This is exactly what the parties forgot to do in Presstek Europe Ltd v Multi-Digital De Impresion SL (QBD, 13 March 2012) – although one of them claimed it thought the agreement incorporated a choice-of-law provision from a related contract.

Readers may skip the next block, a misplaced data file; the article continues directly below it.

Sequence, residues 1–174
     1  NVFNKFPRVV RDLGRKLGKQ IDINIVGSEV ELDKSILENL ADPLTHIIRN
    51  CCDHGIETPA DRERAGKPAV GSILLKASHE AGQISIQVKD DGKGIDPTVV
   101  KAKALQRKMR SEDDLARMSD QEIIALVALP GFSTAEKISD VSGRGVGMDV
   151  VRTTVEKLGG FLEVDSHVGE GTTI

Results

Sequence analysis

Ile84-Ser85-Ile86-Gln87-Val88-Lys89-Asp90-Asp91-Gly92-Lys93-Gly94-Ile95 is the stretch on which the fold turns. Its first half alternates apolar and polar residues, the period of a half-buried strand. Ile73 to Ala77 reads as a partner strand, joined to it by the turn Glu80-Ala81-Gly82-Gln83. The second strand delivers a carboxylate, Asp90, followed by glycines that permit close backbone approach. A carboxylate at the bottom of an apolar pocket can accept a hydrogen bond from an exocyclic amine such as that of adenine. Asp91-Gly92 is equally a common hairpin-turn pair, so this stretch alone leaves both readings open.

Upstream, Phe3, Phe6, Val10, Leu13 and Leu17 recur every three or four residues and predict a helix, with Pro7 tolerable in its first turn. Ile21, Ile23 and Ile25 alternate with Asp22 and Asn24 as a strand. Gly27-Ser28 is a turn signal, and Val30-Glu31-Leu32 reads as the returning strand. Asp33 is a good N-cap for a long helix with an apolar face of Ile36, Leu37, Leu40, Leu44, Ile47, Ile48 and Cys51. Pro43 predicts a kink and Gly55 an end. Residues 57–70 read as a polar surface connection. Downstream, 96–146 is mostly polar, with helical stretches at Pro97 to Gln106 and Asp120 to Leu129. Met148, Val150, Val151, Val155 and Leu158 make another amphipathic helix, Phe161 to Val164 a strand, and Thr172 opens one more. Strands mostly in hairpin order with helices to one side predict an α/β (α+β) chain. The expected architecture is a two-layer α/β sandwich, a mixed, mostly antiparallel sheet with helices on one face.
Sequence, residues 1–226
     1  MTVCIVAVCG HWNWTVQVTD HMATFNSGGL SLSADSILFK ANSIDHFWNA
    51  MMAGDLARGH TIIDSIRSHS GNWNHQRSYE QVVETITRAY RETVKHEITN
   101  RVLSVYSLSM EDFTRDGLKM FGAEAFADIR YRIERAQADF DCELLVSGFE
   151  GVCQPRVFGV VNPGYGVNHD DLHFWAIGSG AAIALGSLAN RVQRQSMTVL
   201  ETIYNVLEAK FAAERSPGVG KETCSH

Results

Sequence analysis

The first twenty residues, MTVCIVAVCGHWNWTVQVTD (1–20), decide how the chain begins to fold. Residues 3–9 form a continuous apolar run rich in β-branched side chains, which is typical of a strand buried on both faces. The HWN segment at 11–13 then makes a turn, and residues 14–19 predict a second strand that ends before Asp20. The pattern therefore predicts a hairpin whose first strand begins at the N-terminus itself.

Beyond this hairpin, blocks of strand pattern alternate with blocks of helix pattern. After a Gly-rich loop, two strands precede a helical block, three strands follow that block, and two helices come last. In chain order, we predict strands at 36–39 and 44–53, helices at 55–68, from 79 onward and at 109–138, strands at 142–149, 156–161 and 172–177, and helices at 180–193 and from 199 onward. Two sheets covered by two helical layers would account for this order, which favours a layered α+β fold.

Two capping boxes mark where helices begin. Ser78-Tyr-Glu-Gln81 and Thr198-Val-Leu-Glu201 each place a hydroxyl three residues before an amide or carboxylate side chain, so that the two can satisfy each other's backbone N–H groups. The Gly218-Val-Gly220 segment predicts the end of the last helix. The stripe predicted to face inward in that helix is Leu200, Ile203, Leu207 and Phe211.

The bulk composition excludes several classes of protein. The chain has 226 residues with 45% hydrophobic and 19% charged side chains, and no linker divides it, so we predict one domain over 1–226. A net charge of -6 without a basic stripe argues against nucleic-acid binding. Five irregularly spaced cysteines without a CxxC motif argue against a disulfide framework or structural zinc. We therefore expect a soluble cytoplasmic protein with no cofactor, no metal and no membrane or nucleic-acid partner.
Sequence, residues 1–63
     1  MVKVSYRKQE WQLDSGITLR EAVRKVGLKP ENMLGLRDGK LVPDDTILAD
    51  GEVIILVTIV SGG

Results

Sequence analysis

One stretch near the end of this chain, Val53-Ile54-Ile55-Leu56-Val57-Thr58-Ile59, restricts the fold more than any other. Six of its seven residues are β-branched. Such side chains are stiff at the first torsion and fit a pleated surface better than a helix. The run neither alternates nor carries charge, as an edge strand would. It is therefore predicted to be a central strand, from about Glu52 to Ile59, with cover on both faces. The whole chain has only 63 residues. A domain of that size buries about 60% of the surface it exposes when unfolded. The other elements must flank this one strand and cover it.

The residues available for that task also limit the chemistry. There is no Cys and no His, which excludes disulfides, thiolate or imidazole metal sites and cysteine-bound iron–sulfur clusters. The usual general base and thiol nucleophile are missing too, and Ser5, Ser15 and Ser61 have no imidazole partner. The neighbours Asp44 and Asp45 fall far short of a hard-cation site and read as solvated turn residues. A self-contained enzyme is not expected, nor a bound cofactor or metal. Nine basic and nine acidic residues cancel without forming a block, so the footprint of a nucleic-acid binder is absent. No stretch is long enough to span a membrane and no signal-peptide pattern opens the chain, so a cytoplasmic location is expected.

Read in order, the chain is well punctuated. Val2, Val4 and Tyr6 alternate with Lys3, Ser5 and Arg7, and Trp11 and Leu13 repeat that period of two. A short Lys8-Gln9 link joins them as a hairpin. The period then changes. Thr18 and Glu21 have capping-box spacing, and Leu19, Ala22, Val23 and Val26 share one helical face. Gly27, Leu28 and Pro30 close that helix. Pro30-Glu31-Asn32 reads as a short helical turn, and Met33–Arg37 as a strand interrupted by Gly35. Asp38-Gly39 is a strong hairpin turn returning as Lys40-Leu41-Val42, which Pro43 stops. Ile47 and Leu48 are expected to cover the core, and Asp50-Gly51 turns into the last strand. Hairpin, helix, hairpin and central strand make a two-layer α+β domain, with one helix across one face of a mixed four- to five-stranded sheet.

Presstek and Multi-Digital had entered into a non-exclusive distribution agreement which stated that English law governed all disputes except any that involved injunctive relief, and that the London International Court of Arbitration was to have jurisdiction. The parties then entered into a contract for the sale of three machines by Multi-Digital to Presstek; there was no choice-of-law or jurisdiction clause. Presstek (a UK company) claimed that Multi-Digital (a Spanish company) had failed to perform the sales contract and that English law governed. Multi-Digital successfully challenged the jurisdiction of the English courts: even if (and that appears to have been a big if) the sales contract did implicitly incorporate the distribution agreement’s choice-of-law and jurisdiction provisions, it was clear that the parties had not intended those provisions to apply to all disputes. Most disputes were to be arbitrated in London under English law, but not all disputes, and nothing involving injunctive relief. The actual dispute between the parties involved an injunction, so it fell into the gap area to which English law did not apply and the English courts did not have jurisdiction. Better to have dealt with choice of law and jurisdiction squarely in the sales contract.